Hi and welcome to JA. I am Ray and will be the expert helping you today.
Yes your neighbor has liability to you under the law of South Carolina under the Common Enemy Doctrine.
The Common Enemy Doctrine in South Carolina
The common enemy doctrine is a rule derived from English common law. It holds that since surface water is a "common enemy" to landowners, each landowner has the right to alter the drainage pattern of his land (for example by building dikes or drainage channels) without regard for the effects on neighboring parcels, as long as that water flows to where it otherwise would have naturally flowed.
Typically, a landowner can capture surface water (e.g. by rain barrels or dams) as well, and lower landowners will not have a cause of action unless the diversion is malicious. This rule is followed by approximately half the U.S. states, although some states have modified the doctrine to hold landowners liable for negligent damage to the parcels belonging to neighboring landowners.
Here the law in South Carolina - SC follows the common enemy rule with respect to the diversion of surface waters naturally flowing across land. Baltzeger v. Carolina Midland Ry. Co., 54 S.C. 242, 247-48, 32 S.E. 358, 360 (1899); The rule allows a landowner to treat surface water as a common enemy and dispose of it as the landowner sees fit. Glenn v. School Dist. No. Five of Anderson County, 294 S.C. 530, 533, 366 S.E.2d 47, 49 (Ct. App. 1988).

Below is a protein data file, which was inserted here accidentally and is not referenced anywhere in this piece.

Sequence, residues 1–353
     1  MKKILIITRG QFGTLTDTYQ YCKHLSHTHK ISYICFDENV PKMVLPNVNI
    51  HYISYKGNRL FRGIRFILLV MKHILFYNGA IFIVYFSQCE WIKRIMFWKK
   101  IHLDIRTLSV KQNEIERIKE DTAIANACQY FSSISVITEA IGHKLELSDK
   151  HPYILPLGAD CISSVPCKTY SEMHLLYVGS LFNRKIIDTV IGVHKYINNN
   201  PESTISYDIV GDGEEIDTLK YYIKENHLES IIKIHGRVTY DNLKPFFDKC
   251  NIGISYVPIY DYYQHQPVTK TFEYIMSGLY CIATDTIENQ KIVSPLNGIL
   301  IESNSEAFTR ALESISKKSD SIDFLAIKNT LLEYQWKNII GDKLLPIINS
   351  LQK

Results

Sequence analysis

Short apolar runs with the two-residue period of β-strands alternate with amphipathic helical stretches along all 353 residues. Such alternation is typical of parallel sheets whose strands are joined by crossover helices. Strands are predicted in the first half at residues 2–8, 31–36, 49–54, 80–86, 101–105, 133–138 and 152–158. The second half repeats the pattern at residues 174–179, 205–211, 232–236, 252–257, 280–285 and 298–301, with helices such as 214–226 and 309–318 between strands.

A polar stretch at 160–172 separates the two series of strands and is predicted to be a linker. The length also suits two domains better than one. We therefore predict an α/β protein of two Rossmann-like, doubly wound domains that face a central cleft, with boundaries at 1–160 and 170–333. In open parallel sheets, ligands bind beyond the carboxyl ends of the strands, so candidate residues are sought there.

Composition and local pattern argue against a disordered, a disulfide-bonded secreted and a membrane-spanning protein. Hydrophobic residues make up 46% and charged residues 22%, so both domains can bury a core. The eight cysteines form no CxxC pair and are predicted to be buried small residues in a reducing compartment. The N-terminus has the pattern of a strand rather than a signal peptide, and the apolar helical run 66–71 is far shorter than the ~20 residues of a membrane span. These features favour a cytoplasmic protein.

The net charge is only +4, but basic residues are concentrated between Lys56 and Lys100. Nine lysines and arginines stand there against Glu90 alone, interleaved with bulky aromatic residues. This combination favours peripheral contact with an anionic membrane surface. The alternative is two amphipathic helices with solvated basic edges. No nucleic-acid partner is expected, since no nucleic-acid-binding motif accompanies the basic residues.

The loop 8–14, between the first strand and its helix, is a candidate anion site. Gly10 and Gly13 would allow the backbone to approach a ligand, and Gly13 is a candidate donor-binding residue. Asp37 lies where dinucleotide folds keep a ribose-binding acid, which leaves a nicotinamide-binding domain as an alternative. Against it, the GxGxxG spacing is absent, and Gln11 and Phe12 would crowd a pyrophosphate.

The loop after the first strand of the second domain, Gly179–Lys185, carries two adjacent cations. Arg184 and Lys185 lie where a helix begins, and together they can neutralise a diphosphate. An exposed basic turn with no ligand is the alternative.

There are, however, two exceptions and this is where your neighbor has crossed the line.. First, the common enemy rule is subject to the law of nuisance and an individual may not obstruct or alter the flow of water to create a nuisance per se. Johnson v. Phillips, id. at 414, 433 S.E.2d at 899; Baltzeger v. Carolina Midland Ry. Co., id. at 247, 32 S.E. at 359-60. Second, except by contractual or prescriptive right, an upper landowner may not, by means of a ditch, impoundment or other artificial structure, collect surface water on his own land and cast it in a concentrated form upon lower adjoining land. Johnson v. Phillips, id. at 414, 433 S.E.2d at 899.
So yes you may sue the neighbor here for damages and an injunction forcing them to remedy the problem as well as legal fees, court costs, etc.
Your lawyer sends demand letter and unless they resolve this then you can pursue a civil suit.I hope you will do so here as the neighbor has clearly harmed you and violated the law.